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Linux Host, Windows Guest, GPU passthrough reinitialization fix


#1

I noticed in Wendell’s recent GPU pass-through live stream, that he mentioned that there isn’t a reliable solution for the AMD GPU reinitialization problem. He mentioned that once a Windows guest VM on linux is shut down, the AMD GPU will refuse to reinitialize, and that this requires a reboot of the Host machine to fix.

In my personal experience, this actually seemed to be rather random. Sometimes the VM would be able to boot back up, sometimes not. I found that it was not actually the shut down of the VM, but if the host machine enters a sleep state, while the VM was shut down, after having run at least once.

The root issue I suspect has less to do with how Linux is treating the GPU, but the behaviour of the Windows OS while it is a guest. Mainly the Windows guest OS is not sending a signal to the GPU to shut-down or start up while it is running in a VM. I assume this is because when on bare-metal, when a Windows OS shuts down, power is actually killed to the GPU from the motherboard/PSU but when in a guest VM, this does not happen, leaving the GPU in an initialized state. Then if/when the host machine enters a low power state, and power is significantly reduced to the GPU, it enters a non-responsive state after the host machine wakes up.

Anyway, I found a fix/work-around. I’ve borrowed bits from around the web for this. I don’t write how-to’s often, so bare with me.

(note, all these steps take place inside the Windows Guest OS)

Step 1

We are going to need the Windows Device Console (DevCon)

It is included bundled with the Windows Driver Kit, which you can download and install like a chump, but you don’t require all the added bloat.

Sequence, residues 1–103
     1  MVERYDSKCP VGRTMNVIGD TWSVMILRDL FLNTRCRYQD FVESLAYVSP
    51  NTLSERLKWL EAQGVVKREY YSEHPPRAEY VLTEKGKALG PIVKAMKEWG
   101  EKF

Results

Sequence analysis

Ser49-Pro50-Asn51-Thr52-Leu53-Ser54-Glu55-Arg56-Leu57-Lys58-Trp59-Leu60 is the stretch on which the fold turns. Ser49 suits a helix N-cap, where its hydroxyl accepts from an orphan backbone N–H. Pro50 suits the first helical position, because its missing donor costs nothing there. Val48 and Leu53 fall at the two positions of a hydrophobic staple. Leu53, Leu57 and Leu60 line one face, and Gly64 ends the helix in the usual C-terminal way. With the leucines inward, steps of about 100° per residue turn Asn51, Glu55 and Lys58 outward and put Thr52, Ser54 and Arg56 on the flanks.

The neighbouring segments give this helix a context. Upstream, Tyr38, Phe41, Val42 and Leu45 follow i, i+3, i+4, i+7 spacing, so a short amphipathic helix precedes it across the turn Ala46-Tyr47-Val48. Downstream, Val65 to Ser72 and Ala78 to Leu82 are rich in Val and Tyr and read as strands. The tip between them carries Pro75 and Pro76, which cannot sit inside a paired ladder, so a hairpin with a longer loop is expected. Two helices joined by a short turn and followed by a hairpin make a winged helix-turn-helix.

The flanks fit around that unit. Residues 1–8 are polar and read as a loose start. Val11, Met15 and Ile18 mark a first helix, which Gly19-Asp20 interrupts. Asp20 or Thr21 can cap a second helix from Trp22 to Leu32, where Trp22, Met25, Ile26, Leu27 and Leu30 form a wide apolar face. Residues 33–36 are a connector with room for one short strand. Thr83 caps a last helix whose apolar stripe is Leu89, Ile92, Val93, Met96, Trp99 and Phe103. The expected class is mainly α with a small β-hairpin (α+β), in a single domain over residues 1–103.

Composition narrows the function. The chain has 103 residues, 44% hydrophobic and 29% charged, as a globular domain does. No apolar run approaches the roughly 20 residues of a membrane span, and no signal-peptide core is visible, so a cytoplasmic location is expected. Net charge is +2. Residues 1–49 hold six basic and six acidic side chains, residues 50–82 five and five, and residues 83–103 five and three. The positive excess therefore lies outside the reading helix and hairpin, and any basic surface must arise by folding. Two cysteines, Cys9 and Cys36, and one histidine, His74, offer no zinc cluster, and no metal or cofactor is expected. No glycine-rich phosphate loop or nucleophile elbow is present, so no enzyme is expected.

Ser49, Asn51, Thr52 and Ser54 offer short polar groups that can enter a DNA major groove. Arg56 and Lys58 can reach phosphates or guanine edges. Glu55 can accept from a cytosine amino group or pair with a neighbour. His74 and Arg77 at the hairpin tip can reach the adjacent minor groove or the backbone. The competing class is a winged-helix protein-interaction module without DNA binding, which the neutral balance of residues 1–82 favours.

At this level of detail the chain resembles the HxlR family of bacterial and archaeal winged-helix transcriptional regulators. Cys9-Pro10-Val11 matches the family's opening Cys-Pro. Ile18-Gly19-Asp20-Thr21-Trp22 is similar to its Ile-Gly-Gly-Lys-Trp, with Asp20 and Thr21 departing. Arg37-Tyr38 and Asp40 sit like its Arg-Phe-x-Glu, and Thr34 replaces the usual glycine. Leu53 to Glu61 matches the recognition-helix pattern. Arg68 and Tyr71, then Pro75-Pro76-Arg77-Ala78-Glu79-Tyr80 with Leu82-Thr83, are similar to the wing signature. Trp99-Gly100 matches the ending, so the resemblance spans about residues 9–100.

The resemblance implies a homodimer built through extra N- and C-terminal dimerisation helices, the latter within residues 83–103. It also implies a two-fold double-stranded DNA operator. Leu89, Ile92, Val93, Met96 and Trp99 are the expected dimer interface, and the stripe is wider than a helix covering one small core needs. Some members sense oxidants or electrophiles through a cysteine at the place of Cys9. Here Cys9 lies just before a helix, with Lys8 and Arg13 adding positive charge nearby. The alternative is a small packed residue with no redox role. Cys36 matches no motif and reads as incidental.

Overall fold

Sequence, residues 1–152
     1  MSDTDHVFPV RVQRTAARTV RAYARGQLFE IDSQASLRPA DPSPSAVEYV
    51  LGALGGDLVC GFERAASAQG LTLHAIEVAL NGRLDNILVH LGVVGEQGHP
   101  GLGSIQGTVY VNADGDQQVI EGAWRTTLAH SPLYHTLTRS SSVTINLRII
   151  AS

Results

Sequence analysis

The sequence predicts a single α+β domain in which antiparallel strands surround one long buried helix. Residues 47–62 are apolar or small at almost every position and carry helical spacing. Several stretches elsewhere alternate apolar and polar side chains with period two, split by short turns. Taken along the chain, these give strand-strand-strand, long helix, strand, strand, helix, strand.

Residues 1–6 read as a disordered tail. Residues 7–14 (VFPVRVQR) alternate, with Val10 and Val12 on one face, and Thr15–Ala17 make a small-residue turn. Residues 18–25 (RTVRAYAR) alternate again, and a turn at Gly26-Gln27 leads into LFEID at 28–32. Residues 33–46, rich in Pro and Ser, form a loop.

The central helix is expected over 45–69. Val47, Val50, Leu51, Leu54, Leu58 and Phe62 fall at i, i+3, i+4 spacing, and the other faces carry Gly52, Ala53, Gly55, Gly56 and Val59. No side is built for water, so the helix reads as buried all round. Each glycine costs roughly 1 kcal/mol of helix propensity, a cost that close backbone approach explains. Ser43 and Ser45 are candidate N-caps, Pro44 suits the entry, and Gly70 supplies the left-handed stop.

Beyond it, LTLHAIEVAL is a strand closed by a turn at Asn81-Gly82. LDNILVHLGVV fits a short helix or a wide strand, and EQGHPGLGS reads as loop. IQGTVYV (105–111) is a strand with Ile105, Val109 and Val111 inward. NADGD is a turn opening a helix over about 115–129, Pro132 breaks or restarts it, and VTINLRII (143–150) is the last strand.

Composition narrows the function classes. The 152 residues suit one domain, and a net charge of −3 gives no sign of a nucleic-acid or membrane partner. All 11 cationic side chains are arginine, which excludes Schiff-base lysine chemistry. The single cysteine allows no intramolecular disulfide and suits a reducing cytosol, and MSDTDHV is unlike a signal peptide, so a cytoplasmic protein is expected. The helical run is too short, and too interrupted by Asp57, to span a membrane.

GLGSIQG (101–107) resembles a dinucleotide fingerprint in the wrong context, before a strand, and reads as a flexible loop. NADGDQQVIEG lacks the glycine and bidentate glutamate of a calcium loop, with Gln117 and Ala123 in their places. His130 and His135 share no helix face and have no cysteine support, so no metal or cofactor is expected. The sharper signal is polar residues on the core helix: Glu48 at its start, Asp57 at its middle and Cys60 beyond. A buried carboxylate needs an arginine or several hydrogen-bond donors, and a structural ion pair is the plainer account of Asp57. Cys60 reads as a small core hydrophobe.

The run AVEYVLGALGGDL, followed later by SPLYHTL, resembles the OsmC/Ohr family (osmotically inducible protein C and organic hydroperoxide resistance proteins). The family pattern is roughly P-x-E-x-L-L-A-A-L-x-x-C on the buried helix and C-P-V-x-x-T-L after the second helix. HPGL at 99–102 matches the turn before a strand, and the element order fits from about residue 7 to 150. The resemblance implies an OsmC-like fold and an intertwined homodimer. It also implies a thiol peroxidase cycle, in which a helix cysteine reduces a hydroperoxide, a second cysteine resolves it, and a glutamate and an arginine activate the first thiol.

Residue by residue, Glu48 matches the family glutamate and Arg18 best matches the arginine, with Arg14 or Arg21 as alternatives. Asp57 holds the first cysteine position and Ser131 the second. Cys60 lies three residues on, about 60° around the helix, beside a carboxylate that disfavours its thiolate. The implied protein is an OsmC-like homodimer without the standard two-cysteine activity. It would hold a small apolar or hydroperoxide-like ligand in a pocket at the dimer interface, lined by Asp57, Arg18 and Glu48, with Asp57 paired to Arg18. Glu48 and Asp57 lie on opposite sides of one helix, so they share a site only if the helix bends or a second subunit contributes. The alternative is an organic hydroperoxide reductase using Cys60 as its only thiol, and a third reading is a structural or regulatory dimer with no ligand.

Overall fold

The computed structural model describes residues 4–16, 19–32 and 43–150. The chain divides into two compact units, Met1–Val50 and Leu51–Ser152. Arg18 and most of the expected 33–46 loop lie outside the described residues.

So, instead download and install Chocolatey, so you can install it from terminal like a bad-ass. Follow the instructions on the Chocolatey website to install.

Once Chocolatey is installed open a Windows command prompt and run this command to install DevCon:

choco install devcon.portable

DevCon is rather straight forward to use. It Enables/Disables hardware. It runs in terminal and can easily be executed by a bat script.

devcon64.exe enable|disable "<device_id>"

Step 2

Now go to Device Manager and make note of the Hardware ID for the GPU and the GPU’s sound device. You will notice that there are multiple device ID’s. We are only going to use the first half, ending where the device ID’s become unique. DevCon accepts wild-cards. This way we will be able to de-initialize the entire device. Do not forgot the sound device. If you forget this, the Windows Guest will become unstable over time after reboots. Games and 3D applications will start randomly crashing. I’ve included some example images.

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Step 3

We are now going to create two bat files. I created them under C:\ so they will be easy to find later. Maybe not the best practice, but whatever.

You can use notepad to create two separate bat files. The first one I called enablegpu.bat and included these two lines.

devcon64.exe enable "PCI\VEN_1002&DEV_67DF*"

devcon64.exe enable "HDAUDIO\FUNC_01&VEN_1002&DEV_AA01*"

We are having the bat file use DevCon to enable the GPU. Use that first half the of GPU hardware id that we made note of in device manager. This hardware ID will be different on your system, depending on you GPU model/AIB. Make sure to end it with a wild-card asterix, so we get all the sub-devices. Do not forget to include the GPU’s sound device, which has a separate hardware ID.

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Now create the second bat file. I called this one disablegpu.bat and saved it in the same location as the first one. It is exactly the same as the first bat file but it disables the GPU instead of enabling it.

devcon64.exe disable "PCI\VEN_1002&DEV_67DF*"

devcon64.exe disable "HDAUDIO\FUNC_01&VEN_1002&DEV_AA01*"

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Step 4

Add the two bat files to the Windows Group Policy Startup and Shutdown scripts.

You can open the Local Group Policy Editor by running gpedit.msc in the Windows run prompt.